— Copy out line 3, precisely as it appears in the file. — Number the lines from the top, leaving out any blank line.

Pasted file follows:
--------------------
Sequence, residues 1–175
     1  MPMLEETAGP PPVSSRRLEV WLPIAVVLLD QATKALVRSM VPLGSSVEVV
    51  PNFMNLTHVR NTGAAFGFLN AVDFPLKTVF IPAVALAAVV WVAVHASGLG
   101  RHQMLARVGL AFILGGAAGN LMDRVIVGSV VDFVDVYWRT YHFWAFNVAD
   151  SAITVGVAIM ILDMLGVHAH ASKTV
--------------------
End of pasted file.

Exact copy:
    51  PNFMNLTHVR NTGAAFGFLN AVDFPLKTVF IPAVALAAVV WVAVHASGLG